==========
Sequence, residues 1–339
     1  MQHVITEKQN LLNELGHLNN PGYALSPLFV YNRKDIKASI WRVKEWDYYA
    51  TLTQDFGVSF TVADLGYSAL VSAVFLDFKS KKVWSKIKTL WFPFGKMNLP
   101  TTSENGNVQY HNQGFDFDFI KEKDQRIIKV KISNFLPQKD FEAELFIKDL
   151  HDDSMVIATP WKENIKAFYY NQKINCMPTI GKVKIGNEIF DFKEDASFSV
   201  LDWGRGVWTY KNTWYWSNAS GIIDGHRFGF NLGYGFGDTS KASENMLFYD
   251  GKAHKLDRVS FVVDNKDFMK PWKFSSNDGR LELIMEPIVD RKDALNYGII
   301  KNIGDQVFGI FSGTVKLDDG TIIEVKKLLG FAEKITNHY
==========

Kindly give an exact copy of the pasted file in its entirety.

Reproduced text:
Sequence, residues 1–339
     1  MQHVITEKQN LLNELGHLNN PGYALSPLFV YNRKDIKASI WRVKEWDYYA
    51  TLTQDFGVSF TVADLGYSAL VSAVFLDFKS KKVWSKIKTL WFPFGKMNLP
   101  TTSENGNVQY HNQGFDFDFI KEKDQRIIKV KISNFLPQKD FEAELFIKDL
   151  HDDSMVIATP WKENIKAFYY NQKINCMPTI GKVKIGNEIF DFKEDASFSV
   201  LDWGRGVWTY KNTWYWSNAS GIIDGHRFGF NLGYGFGDTS KASENMLFYD
   251  GKAHKLDRVS FVVDNKDFMK PWKFSSNDGR LELIMEPIVD RKDALNYGII
   301  KNIGDQVFGI FSGTVKLDDG TIIEVKKLLG FAEKITNHY